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SC MGMT 250 - MGMTbusinessletter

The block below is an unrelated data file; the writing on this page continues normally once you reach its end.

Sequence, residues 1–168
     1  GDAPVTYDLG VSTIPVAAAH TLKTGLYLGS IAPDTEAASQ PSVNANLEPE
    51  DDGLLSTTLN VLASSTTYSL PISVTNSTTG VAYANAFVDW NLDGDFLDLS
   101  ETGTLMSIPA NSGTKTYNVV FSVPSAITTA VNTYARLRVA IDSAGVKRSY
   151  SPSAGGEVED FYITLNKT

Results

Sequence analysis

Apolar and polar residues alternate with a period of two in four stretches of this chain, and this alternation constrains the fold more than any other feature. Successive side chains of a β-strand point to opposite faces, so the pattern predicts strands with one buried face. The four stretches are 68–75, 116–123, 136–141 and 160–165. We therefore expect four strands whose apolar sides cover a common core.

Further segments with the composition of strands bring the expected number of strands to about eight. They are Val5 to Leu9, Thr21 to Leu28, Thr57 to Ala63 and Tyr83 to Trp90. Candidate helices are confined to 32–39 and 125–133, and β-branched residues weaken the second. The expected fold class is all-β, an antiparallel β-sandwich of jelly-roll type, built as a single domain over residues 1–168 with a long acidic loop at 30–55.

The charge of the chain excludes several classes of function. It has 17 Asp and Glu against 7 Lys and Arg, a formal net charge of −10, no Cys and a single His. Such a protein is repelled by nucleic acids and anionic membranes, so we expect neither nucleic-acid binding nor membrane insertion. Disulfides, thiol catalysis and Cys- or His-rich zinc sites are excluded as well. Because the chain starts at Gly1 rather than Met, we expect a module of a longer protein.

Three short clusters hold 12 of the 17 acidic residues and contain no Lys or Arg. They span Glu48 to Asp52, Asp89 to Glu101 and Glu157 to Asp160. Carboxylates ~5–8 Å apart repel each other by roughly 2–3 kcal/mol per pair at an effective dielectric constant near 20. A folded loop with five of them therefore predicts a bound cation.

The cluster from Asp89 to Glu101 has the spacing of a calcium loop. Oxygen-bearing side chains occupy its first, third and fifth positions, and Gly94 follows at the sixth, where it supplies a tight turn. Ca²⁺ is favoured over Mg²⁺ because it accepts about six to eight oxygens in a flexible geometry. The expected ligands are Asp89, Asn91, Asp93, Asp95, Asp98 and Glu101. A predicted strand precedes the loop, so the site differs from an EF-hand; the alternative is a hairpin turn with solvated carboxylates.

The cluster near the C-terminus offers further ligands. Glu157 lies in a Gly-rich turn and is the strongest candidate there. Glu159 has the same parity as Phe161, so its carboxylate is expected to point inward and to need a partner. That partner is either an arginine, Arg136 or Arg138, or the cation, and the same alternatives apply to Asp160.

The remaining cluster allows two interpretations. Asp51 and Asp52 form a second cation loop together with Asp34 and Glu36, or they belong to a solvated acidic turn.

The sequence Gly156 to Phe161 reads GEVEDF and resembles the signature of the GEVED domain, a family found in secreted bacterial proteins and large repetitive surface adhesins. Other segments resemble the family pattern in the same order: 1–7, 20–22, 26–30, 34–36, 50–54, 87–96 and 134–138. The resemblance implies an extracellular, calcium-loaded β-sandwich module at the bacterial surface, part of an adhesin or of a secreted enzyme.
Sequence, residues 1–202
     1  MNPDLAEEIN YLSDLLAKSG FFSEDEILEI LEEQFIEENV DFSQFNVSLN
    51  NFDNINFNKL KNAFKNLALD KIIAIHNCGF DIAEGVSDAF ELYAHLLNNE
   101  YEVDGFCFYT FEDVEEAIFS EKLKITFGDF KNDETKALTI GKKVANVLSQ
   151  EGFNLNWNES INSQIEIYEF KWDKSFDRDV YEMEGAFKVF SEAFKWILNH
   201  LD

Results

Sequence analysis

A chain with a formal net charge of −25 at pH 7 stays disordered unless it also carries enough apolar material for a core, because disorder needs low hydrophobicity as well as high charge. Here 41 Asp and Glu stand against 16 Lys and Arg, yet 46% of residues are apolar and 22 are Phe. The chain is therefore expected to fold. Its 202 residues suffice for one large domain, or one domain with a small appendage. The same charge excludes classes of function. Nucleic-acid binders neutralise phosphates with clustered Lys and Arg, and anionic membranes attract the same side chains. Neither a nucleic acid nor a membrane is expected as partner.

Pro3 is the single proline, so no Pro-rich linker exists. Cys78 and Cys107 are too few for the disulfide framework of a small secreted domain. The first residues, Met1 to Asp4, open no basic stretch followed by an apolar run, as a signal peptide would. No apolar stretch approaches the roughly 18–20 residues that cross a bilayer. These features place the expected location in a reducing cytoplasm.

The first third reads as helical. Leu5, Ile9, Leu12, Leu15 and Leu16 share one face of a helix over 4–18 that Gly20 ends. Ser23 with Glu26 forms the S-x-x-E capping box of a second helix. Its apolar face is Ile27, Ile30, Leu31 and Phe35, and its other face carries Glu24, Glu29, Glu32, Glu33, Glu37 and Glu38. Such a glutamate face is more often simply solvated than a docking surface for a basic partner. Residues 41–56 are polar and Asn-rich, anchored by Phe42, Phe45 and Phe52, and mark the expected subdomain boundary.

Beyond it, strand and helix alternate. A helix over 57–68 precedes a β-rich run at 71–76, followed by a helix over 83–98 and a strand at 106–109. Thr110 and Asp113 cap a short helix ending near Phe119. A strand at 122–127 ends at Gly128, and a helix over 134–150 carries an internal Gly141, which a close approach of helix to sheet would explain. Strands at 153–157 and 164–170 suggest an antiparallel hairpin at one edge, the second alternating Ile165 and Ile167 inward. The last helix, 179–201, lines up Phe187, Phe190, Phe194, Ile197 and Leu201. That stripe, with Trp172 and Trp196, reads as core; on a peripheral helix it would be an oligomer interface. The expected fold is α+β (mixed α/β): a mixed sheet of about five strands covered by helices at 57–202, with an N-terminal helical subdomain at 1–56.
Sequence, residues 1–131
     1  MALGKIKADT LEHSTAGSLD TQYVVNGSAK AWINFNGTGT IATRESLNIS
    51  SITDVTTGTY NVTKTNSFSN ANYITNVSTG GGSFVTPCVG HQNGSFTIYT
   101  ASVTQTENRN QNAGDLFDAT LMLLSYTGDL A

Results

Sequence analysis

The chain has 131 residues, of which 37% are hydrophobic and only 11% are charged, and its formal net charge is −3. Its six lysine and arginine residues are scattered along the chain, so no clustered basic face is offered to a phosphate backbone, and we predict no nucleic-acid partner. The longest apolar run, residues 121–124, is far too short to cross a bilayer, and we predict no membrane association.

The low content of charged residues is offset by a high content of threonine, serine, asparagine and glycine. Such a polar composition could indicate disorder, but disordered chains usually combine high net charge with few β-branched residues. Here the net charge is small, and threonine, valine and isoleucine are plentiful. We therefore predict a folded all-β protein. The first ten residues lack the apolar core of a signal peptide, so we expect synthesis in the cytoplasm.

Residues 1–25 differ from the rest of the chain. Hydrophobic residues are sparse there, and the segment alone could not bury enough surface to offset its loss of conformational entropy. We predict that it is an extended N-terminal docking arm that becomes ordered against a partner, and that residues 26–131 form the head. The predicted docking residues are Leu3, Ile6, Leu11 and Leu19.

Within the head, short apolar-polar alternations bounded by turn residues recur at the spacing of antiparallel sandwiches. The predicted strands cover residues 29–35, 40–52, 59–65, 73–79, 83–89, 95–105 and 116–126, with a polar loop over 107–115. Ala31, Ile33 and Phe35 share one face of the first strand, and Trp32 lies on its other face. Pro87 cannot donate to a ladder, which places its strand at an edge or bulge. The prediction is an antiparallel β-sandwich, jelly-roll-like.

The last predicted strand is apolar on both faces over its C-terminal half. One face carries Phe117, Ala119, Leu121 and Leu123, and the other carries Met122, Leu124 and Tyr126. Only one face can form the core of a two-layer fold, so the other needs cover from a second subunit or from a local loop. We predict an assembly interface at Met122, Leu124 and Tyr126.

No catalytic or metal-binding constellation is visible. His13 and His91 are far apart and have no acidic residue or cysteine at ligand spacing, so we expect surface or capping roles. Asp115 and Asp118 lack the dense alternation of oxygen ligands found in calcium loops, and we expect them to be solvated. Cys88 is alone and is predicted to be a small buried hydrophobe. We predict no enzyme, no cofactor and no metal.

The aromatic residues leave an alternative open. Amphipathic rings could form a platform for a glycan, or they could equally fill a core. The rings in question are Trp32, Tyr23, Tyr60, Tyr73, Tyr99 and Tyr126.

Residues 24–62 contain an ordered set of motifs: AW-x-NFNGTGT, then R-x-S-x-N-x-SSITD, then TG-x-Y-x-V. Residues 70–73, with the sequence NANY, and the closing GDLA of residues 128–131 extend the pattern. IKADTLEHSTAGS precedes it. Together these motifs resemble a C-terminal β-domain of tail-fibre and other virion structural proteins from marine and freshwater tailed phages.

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Hunter HartnettMGMT 25029 September 20143449 Frances BerkeleyWilliamsburg, Virginia 23188Dear Professor Bailey,Our lessons and instructions on strong communication practices have strongly influenced how I have revised the Tiger Oil Company memos. The memos, written my Edward “Tiger Mike” Davis, were severely flawed in many ways. They went against almost all of the ethics and responsibilities of a public communicator in the workplace, and did not provide for a pleasant employee experience. RevisionsOf the many flaws that I found in his memos, some were much more obvious and unethical than others. Mr. Davis was in to a bad habit of specifically naming people in his memos. This was, more often than not, in regards to problems he had with their performance or actions in the workplace. While it is necessary for Tiger Mike to voice his concerns, it is extremely unnecessary for him to call them out in front of the entire office. This is where a strong majority of my changes were made. He needed to include more emphasis on the positives rather than always focus on the negatives. It would have been much more appropriate for him to voice his concerns to the employees as a whole and then, if necessary, have individual meetings with the targeted individual and discuss the problems.LanguageTiger Mike also struggled with his language and word choice throughout the memos. Many of his memos contain obscene and offensive language, and almost every memo included poor word choice that often led to,intentional or not, degrading comments regarding his employees. While some form of discipline is sometimes needed in the workplace, there is also a need for a sense of goodwill. Rather than constantly belittling his employees, he need to highlight instances where they had been successful as well. Much of this could have been avoided had he gone back and revised what he said and how he said it. For example, I implemented more words such as “us”throughout the memo to change his tone from accusative to a more appropriate tone focused on group improvement. Simple additions, such as more uses of the word “we” to signify a united work place rather than a disgruntled hierarchy, could have led to a higher workplace moral.Although not every word of Tiger Mike’s memos was flawed, a significant portion of his work is not up to the industry standard of work place communication. Sincerely,Hunter


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